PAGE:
I have said before, and will say again, that political issues don’t have to be contained within the country they are taking place. In our modern world, many big policy changes in one country can absolutely affect another. Given this, it is no surprise that people from around the world have seemingly become more involved with American politics in recent years. That being said, not everyone enjoys being preached to about this topic. In fact, I’d bet that most people turning on their radio are looking for an escape. That’s where those who are creative get to shine the most, crafting songs with deep messages which are not immediately apparent. With “Cooler Returns,” Kiwi Jr. have successfully done just that.
Out of the gate, the song hits you with its mix of jangly electric and acoustic guitars. The drumbeat rides the toms, providing a dance-along type groove, and the bass follows. In my head, the first comparison that came to me was The Kinks. Teetering on the edge of being a straight up punk song, I feel as though the song sways back and forth between genres and eras. However, as the song progresses, more influences, such as The Strokes, creep in which continually push the song in new directions. Without wasting any time, the vocals come at you with a sense of limitless energy. Jeremy Gaudet, the band’s singer, seems to be shouting many of his lyrics at the listener as opposed to just singing them straight, resulting in a much more meaningful message given the lyrical content.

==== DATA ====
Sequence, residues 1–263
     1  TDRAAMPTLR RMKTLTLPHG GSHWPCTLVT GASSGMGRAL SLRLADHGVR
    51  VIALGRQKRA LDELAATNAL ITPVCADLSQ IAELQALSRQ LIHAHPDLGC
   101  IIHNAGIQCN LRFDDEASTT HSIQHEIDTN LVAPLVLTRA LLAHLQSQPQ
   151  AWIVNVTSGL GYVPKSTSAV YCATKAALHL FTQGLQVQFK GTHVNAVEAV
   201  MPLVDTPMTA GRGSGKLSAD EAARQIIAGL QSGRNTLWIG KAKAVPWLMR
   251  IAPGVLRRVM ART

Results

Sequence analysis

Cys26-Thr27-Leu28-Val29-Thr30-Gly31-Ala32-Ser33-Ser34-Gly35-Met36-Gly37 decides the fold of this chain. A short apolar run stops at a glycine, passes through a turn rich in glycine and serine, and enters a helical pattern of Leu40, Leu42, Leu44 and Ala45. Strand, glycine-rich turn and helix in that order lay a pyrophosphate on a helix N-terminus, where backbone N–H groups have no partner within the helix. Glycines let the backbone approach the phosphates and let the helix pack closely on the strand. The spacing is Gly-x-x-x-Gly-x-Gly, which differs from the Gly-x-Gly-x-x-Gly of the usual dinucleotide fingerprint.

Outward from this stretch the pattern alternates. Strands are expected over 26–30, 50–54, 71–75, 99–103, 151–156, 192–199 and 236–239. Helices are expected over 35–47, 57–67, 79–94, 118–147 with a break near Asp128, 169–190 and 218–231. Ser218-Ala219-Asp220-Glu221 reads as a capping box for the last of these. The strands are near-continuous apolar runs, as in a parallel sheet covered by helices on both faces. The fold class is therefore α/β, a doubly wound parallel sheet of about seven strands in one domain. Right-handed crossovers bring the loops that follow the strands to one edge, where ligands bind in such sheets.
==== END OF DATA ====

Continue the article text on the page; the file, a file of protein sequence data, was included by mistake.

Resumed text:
Giving much of themselves over to interpretation due to their obscured nature, the lyrics of this song seem to be getting a point across with nothing but metaphors, hyperbole and anecdotes. That being said, nothing in the song comes across as overly complicated or difficult to follow. Regardless of your interpretation, the song’s concepts and core message seems to resonate above the word choice. Despite being a Canadian-based band, the song seems to take a crack at American culture and politics, specifically in this crazy year which we call 2020. The first verse simply introduces us to this theme with the lyrics, “Superbowl Sunday / 2020 / I did not feel well / Leaving the hotel.” With that, we can now interpret everything in the rest of the song within the correct context. While many lyrics can be up to interpretation, it’s in the final verse where I find the most hard-hitting and straight-forward ones: “I am not American / But I feel the beat sometimes / When I run into the screen door / At the retreat trying to learn the new lines.” Suggesting that, even though he is Canadian, he still feels the effect of what goes on in America and the constant changing of public opinion. Pairing perfectly with the first verse of the song, the final line of the song goes, “I was never one for trying to win as a team,” which can easily be interpreted as a political statement.
Even though the lyrics have all been sung, a minute still remains in the song for a fully instrumental section. Taking an almost psychedelic turn, the soundscape becomes noisier than ever with distorted guitars and dueling melodies before things finally start to sync up into a sort of rock symphony. After one last push of energy, the song fades quickly into silence. While perfectly capturing multiple eras of influence, Kiwi Jr. have successfully crafted a modern song which stands up to any other song from recent years. Despite arguably being a political song, the way in which its message is delivered comes across as subtle and up to interpretation. From the simplistic yet hard-hitting instrumentals to the creative lyrics, “Cooler Returns” provides a little something for everybody.